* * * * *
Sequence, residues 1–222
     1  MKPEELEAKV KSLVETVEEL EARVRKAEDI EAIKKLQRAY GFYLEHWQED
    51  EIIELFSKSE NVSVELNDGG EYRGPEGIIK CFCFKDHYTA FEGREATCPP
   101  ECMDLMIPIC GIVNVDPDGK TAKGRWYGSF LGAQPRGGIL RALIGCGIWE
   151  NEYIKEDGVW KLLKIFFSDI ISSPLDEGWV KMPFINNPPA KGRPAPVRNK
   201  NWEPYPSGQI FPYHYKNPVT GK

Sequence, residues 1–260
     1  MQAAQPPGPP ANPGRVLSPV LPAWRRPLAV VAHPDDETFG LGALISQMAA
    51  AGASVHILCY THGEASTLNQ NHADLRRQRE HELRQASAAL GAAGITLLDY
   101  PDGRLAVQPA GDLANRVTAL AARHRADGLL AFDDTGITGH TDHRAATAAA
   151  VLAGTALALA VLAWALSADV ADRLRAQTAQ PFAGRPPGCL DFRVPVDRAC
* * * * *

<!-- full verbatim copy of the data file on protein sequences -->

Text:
Sequence, residues 1–222
     1  MKPEELEAKV KSLVETVEEL EARVRKAEDI EAIKKLQRAY GFYLEHWQED
    51  EIIELFSKSE NVSVELNDGG EYRGPEGIIK CFCFKDHYTA FEGREATCPP
   101  ECMDLMIPIC GIVNVDPDGK TAKGRWYGSF LGAQPRGGIL RALIGCGIWE
   151  NEYIKEDGVW KLLKIFFSDI ISSPLDEGWV KMPFINNPPA KGRPAPVRNK
   201  NWEPYPSGQI FPYHYKNPVT GK

Sequence, residues 1–260
     1  MQAAQPPGPP ANPGRVLSPV LPAWRRPLAV VAHPDDETFG LGALISQMAA
    51  AGASVHILCY THGEASTLNQ NHADLRRQRE HELRQASAAL GAAGITLLDY
   101  PDGRLAVQPA GDLANRVTAL AARHRADGLL AFDDTGITGH TDHRAATAAA
   151  VLAGTALALA VLAWALSADV ADRLRAQTAQ PFAGRPPGCL DFRVPVDRAC